Getting Started with Merb vol.2: Intro to Routing and Controllers

3 June, 2008

An intro to routing and controllers.

I wrote recently about getting started with Merb. Yesterday, after having refer to my own post to remember how it all worked, I started on a new Merb app as part of the Great Grabb.it Rewrite of 2008. I very quickly ran into another area of Merb that's a bit thin on documentation: Controllers. After some googling, some fiddling, and some brainstorming in the #merb irc channel I managed to figure out enough of the basics to get things up and running.

Right now, Merb's sweet spot seems to be as an API server, which is exactly how we're planning on using it. This usage means that while there might be a little bit of model integration for access control, most of the job is in routing URLs and data formatting. That means we'll be spending most of our effort in config/router.rb and in our controllers. Specifically, we'll need to know a lot about how Merb provides responses in various formats depending on the request url, i.e. it's equivalent to Rails' respond_to method. Let's start by laying out our requirements and then I'll show you how I translated them into Merbish.

For this app, I needed to take URLs within a namespace and route them to a single controller setting various params based on the rest of the request path. In other words, I wanted to provide URLs like:

http://myapp.com/music/artist.jspf

and

http://myapp.com/music/artist/title.mp3

where the first url would give you a playlist of all of an artist's tracks in JSPF (Javascript Shareable Playlist Format) and the second would provide an mp3 of the song with the given title by the given artist.

So, the first thing I needed was a series of routes that would recognize all URLS starting with /music and then grab the path after the first slash into an :artist param and the path after the second slash into a :title param. Finally, it would need to look for a format after the dot and pass that through as well if available.

It turns out the best way to do this in Merb is with nested routes, thusly (inside of the Merb::Router.prepare block in config/router.rb):

r.match('/music') do |music|
music.match("/:artist.:format").to(:controller => 'music', :action => 'artist')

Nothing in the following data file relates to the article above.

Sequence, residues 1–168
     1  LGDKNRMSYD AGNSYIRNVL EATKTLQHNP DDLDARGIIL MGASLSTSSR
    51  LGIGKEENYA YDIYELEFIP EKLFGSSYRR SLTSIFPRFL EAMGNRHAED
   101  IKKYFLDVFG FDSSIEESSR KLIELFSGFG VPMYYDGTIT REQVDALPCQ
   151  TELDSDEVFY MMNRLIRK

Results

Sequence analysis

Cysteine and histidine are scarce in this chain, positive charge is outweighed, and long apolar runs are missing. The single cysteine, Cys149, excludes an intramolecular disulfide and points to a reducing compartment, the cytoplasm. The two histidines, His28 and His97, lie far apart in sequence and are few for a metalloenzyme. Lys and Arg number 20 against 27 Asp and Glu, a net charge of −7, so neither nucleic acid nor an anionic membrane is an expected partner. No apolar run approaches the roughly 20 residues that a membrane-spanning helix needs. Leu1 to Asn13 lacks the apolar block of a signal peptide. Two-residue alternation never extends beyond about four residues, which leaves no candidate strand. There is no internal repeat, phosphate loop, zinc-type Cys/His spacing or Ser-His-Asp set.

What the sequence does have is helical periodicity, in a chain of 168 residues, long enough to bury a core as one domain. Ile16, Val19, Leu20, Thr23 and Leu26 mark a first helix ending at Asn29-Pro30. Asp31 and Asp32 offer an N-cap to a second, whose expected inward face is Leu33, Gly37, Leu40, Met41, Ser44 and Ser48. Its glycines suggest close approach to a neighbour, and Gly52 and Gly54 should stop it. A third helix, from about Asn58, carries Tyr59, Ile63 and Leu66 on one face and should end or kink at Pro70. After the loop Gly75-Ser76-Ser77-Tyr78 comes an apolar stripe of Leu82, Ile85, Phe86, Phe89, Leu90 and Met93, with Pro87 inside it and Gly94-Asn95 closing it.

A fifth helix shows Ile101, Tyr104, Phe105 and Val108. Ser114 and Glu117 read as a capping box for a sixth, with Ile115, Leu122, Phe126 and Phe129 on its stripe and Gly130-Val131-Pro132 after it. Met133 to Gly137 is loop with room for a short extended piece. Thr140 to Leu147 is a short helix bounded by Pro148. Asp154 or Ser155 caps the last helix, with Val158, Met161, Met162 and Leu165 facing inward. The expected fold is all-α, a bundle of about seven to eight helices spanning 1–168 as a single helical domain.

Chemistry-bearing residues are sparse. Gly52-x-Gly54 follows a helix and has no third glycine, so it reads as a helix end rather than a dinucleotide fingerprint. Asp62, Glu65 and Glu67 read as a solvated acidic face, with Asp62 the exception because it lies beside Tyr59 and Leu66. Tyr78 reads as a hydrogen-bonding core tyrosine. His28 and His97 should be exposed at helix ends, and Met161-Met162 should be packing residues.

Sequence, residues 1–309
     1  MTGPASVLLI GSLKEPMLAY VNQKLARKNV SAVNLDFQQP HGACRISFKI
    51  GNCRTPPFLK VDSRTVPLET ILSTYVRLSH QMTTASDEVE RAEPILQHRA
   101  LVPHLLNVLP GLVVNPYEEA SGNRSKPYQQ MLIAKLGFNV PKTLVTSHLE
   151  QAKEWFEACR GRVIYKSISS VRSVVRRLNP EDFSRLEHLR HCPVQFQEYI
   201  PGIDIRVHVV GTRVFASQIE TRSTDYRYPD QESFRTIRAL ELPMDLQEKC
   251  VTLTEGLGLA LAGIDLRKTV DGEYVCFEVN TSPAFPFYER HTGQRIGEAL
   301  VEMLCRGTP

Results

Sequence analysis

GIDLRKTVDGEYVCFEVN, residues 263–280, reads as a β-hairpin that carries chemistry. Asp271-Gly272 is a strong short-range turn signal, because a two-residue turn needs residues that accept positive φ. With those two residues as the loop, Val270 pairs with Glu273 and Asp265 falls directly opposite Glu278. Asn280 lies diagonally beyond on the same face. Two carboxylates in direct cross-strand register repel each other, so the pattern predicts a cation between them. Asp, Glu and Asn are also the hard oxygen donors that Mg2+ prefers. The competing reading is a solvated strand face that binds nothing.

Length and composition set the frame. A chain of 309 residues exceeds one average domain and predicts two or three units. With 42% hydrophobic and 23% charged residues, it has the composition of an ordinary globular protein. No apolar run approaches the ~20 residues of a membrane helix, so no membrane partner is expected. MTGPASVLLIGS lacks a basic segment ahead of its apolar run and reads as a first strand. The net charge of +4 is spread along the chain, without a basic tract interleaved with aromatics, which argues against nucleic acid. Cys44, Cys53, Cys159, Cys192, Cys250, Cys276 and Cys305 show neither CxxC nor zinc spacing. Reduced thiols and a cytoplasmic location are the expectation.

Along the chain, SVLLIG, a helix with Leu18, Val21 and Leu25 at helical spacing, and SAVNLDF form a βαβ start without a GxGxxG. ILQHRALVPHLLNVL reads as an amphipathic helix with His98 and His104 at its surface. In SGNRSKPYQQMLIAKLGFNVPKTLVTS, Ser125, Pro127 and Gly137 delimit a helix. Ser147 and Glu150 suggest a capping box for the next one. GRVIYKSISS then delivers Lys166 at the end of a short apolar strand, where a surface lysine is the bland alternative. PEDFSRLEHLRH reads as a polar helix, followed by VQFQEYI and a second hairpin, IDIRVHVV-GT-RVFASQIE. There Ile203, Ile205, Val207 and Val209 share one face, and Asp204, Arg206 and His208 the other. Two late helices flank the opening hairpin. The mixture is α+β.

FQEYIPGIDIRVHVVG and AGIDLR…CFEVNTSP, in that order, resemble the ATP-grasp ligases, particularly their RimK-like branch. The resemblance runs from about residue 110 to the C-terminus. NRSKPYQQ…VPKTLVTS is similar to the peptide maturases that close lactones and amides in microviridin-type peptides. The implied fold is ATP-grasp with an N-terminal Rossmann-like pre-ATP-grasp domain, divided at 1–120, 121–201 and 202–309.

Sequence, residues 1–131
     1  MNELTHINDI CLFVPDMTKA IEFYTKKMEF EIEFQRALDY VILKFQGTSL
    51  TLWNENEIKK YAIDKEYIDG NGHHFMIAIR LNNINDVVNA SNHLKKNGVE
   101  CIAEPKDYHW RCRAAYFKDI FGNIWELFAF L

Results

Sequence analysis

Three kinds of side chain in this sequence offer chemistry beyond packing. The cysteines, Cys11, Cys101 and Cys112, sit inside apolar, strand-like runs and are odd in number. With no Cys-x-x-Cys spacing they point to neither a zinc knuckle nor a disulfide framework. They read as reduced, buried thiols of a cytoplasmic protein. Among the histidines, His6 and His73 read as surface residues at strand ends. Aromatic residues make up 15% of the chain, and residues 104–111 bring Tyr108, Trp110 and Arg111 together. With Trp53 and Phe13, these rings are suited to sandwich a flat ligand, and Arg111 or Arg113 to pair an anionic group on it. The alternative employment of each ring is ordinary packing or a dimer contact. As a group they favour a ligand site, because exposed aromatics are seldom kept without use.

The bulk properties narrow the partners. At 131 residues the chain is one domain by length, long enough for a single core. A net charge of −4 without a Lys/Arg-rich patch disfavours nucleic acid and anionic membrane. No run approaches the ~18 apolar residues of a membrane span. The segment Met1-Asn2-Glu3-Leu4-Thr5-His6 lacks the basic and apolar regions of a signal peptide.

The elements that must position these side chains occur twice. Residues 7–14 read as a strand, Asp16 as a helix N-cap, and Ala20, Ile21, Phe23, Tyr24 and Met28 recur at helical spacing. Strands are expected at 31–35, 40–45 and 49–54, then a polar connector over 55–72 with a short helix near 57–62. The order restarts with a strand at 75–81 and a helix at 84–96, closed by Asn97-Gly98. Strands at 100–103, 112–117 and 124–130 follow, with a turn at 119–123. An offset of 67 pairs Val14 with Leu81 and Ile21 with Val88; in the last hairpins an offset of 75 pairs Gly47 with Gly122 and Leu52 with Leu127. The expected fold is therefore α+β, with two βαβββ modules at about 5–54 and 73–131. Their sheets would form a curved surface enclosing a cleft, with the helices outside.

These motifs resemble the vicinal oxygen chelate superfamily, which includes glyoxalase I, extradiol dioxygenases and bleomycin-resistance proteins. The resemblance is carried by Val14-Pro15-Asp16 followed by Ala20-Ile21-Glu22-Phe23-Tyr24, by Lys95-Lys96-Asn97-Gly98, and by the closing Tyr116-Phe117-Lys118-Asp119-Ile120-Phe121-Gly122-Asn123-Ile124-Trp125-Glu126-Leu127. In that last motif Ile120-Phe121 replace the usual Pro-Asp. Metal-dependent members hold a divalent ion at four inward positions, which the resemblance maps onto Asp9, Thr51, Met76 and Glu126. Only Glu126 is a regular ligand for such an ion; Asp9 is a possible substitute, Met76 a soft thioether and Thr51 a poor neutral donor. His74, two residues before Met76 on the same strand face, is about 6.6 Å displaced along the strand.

music.match("/:artist/:title.:format").to(:controller => 'music', :action => 'track')
end

This is pretty self explanatory if you're familiar with Rails routes, though it is probably worth noting that an early version of this I tried which eschewed the nesting in favor of including the /music part of the path in each route separately seemed to have problems detecting the format correctly (though it is more than likely the cause was driver error on my part rather than anything that Merb might do differently in that situation). There's pretty thorough documentation on Merb routing if you need more specific help and that's definitely not the case for the Controller APIs, so let's tackle those right away.

Now, how do we consume those URLs in our application? We need a controller, thusly:

class Music < Application
provides :jspf
def track
display Track.new params[:artist], params[:title]
end
def artist
display Artist.new params[:artist]
end
end

There's two main things going on here that distinguish Merb's controllers from Rails': the 'provides' class method and the 'display' method we're calling in each action. These two methods work together to let us return our data in the right format on every request. And, while they might look confusingly different from the familiar Rails respond_to block at first, they turn out to make things much cleaner, eliminating the need to redeclare common formats over and over in each controller method.

So, here's how it works: provides sets up a list of formats that we're willing to consume and then display makes sure that we provide the right one for each request. When a request comes in ending in .jspf, display calls to_jspf on the object that gets passed to it (in this case new tracks and artists). If we wanted to provide javascript, xml, html, etc. we'd just add those symbols to provides' arguments and then make sure the objects we passed to display could respond to to_xml, to_html, to_etc with the right data (there's an additional option for html of using a template in the views directory that Merb can automatically detect; that case works just like Rails; also: html seems always to be installed as a format regardless of whether or not you pass :html to provides).

While this should be enough to get you up and running writing Merb controllers, there are a few other details worth noting. First of all, if you want to provide alternative formats besides, js, html, xml, and the usual suspects (like we do here with jspf), you'll need to register a mime-type. We configured that by adding a single line to config/init.rb:

Merb.add_mime_type(:jspf, :to_jspf, %w[application/jspf+json])

There's lots of other additional information about the request available to your controller actions as well, such as content_type. Secondly there's other options besides display for returning content from your action. Calling "render" will attempt to automatically detect a template with the right format in the appropriate views directory. And you can always just render a raw string. Again, more details are available here.

There's the beginnings of a great open source book being written by some folks on GitHub: Life On The Edge With Merb, DataMapper & RSpec.They've done a pretty solid job covering the basics of app initialization, modeling with the DataMapper ORM, and testing with RSpec so far, but their section on Controllers is blank so far. If someone wants to pick up the thin thread I've laid down here and run with it, that would be a great place for more documentation to accumulate.

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